Review – Batman vs. Ra’s Al Ghul #2: Who Is Batman?

Batman Vs. Ra's Al Ghul #2
Batman vs. Ra’s Al Ghul #2 cover, via DC Comics.

Batman vs. Ra’s Al Ghul #2 – Neal Adams, Writer/Artist

Ratings:

Ray – 4/10

Ray: Neal Adams’ comics exist in their own odd world, and that’s definitely the case for this new series, up to and including Batman vs. Ra’s Al Ghul #2. While a little less absurdist than his past minis, it still features the bizarre character interactions and strange plot twists he’s become known for.

After last issue’s disaster in Gotham that allowed Ra’s Al Ghul to form a pact with the police, Bruce Wayne returns to the manor – while Ra’s meets with a mysterious sorceress to form a deadly deal of their own. The fruits of that deal become clear when it’s revealed they have Bruce in their custody. Later at the mansion, Bruce and his three sons have lunch, only for an argument to erupt when it turns out that Dick and Jason are the only ones who remember that Bruce is Batman. Bruce doesn’t even remember that there’s a Batcave under their house, and Damian becomes belligerent when his brothers try to push it. I’m also not sure why all the Robins sound like 1950s greasers.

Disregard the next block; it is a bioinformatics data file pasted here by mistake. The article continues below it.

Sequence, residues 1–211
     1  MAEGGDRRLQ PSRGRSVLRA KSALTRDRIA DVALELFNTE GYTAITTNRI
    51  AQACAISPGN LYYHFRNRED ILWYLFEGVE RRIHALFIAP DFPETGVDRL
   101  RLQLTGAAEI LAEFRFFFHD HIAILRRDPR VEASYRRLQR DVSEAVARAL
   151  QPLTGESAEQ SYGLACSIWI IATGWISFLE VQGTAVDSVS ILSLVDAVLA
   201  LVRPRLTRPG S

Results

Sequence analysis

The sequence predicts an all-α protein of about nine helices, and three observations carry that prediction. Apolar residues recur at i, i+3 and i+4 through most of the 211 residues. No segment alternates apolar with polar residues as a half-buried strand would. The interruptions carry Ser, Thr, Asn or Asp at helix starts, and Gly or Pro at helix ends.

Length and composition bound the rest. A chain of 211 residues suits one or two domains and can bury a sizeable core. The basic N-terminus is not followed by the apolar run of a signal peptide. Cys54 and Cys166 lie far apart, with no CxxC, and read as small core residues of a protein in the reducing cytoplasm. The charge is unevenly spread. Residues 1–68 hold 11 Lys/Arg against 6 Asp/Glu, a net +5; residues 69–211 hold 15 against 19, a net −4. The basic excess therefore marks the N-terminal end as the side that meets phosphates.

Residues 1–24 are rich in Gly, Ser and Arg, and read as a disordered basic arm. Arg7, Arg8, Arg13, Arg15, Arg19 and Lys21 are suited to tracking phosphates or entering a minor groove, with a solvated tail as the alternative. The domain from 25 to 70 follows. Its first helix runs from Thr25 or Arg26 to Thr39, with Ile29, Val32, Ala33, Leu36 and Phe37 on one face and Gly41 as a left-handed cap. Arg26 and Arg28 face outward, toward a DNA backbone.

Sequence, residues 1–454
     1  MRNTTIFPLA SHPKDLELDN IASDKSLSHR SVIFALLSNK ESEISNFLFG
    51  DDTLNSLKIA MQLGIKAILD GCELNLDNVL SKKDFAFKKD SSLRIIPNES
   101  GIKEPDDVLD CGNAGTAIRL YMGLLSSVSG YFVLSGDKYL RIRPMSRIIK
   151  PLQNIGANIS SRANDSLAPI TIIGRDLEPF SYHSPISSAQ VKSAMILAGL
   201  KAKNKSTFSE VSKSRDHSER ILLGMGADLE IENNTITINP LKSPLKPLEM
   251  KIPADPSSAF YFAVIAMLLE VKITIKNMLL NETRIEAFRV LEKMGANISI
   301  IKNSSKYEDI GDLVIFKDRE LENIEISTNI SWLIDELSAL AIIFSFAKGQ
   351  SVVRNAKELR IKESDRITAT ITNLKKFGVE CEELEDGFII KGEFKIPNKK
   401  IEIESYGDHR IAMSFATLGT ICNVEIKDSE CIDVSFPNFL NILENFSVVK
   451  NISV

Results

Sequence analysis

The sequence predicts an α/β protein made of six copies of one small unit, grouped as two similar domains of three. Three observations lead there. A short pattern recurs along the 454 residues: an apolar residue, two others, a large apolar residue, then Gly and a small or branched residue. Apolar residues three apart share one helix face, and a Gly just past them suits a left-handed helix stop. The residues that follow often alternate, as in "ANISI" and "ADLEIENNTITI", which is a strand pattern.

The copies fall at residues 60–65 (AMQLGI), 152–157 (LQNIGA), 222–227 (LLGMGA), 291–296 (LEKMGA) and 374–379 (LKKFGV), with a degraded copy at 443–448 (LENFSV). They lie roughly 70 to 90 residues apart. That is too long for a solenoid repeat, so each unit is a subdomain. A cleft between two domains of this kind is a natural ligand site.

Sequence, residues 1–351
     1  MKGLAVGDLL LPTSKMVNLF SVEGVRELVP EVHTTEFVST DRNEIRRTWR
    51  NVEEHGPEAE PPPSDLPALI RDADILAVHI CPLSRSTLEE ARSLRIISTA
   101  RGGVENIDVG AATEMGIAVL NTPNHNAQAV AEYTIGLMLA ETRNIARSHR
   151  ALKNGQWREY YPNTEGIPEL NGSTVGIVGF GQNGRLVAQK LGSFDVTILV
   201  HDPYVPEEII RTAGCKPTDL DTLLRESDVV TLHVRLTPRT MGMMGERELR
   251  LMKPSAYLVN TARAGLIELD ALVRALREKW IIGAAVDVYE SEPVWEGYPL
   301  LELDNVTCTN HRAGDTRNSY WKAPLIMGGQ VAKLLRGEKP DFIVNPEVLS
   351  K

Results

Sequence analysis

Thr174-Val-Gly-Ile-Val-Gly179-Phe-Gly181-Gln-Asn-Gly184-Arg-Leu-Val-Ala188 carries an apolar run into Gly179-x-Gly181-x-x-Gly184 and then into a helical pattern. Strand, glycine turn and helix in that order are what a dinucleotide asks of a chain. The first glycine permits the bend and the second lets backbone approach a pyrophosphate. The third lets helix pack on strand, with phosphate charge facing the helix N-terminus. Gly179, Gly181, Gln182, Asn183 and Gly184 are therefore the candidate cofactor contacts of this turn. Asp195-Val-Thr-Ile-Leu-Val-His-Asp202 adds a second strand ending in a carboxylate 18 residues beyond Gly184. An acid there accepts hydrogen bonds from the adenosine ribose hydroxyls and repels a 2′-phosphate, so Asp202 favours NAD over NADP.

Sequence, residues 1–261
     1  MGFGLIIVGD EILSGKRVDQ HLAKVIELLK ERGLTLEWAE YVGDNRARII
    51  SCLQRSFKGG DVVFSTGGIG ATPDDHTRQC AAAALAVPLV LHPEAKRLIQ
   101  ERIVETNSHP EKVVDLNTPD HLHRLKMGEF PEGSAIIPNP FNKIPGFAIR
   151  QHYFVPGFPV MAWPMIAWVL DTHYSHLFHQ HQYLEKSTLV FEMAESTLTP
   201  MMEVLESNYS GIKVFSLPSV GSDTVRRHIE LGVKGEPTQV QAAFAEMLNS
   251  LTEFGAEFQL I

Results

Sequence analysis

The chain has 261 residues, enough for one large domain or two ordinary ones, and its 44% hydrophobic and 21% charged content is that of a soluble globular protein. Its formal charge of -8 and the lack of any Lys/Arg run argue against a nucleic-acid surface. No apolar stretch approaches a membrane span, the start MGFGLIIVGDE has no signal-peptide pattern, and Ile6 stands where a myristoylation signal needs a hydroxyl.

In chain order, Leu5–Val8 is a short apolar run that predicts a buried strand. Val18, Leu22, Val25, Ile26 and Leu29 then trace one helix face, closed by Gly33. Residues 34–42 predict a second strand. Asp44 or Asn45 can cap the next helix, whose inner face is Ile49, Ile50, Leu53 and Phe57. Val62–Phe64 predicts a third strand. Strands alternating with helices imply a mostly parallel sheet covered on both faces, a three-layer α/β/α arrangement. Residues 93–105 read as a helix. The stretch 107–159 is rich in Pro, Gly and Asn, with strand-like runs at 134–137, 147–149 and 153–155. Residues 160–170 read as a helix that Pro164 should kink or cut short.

Batman vs. Ra's Al Ghul #2
Ra’s vengeance. Via DC Comics.

Dick and Jason are essentially kicked out of the mansion – and are promptly abducted by Man-Bat and his wife…She-Bat? The title only refers to her as “Francine”, despite her being in Bat-form for most of the issue. This is an odd take on the pair of villains/antiheroes, as they seem to be totally intelligent in Bat-form with no real fear of losing control. They even have their own family lair and they want to help the boys wake Bruce and Damian up.

The conclusion to this issue is suitably strange, involving a robot Alfred and a surprise appearance by Ra’s – who ends the issue accidentally strangling Man-Bat and triggering the beast inside. The plot makes more sense than some previous minis, but it’s just a bizarre sideshow of a comic where everyone spends most of the issue yelling at each other and neither the heroes or the villains seem smart enough to be in this line of work.

To find reviews of all the DC issues, visit DC This Week.

Disclaimer: GeekDad received this comic for review purposes.

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